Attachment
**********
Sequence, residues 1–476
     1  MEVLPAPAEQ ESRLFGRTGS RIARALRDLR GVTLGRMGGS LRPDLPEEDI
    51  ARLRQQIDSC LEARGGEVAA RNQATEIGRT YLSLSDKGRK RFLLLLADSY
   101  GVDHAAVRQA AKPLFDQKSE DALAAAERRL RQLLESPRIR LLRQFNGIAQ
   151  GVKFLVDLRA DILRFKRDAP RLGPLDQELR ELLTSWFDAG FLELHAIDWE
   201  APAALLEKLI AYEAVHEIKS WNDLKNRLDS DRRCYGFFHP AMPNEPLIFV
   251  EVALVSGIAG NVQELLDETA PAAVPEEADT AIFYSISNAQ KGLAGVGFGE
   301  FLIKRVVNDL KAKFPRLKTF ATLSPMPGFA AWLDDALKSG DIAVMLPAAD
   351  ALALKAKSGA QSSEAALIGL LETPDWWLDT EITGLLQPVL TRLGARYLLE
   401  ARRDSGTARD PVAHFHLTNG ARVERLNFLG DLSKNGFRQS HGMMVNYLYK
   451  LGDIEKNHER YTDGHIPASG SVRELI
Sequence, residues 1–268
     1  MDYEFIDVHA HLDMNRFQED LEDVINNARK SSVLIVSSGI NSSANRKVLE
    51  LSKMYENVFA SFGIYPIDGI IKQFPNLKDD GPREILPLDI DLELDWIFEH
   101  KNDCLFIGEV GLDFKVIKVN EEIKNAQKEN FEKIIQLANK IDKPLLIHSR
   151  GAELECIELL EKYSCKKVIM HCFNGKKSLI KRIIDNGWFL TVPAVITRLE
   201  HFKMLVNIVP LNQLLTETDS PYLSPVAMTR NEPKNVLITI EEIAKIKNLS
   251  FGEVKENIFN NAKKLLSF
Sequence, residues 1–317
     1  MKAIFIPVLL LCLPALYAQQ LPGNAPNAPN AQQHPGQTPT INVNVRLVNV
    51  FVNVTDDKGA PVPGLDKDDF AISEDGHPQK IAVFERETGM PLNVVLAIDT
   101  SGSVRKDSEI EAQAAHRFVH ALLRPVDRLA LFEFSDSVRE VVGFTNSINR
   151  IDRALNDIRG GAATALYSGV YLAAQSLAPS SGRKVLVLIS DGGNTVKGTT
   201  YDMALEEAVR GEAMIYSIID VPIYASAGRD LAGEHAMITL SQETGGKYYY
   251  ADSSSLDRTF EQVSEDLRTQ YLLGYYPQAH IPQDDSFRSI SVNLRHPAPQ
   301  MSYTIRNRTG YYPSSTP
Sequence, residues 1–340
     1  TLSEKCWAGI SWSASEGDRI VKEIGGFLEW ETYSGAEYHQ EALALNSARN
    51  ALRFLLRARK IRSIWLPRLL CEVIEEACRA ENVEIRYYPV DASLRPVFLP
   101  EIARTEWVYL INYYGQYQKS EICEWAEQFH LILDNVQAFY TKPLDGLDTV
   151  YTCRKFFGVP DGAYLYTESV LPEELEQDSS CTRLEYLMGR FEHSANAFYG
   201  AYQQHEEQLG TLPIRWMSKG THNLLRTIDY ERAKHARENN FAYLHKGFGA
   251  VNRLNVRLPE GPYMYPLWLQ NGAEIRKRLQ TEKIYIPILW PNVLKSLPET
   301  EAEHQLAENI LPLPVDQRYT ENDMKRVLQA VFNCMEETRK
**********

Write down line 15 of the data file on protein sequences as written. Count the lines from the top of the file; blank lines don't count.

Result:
   101  KNDCLFIGEV GLDFKVIKVN EEIKNAQKEN FEKIIQLANK IDKPLLIHSR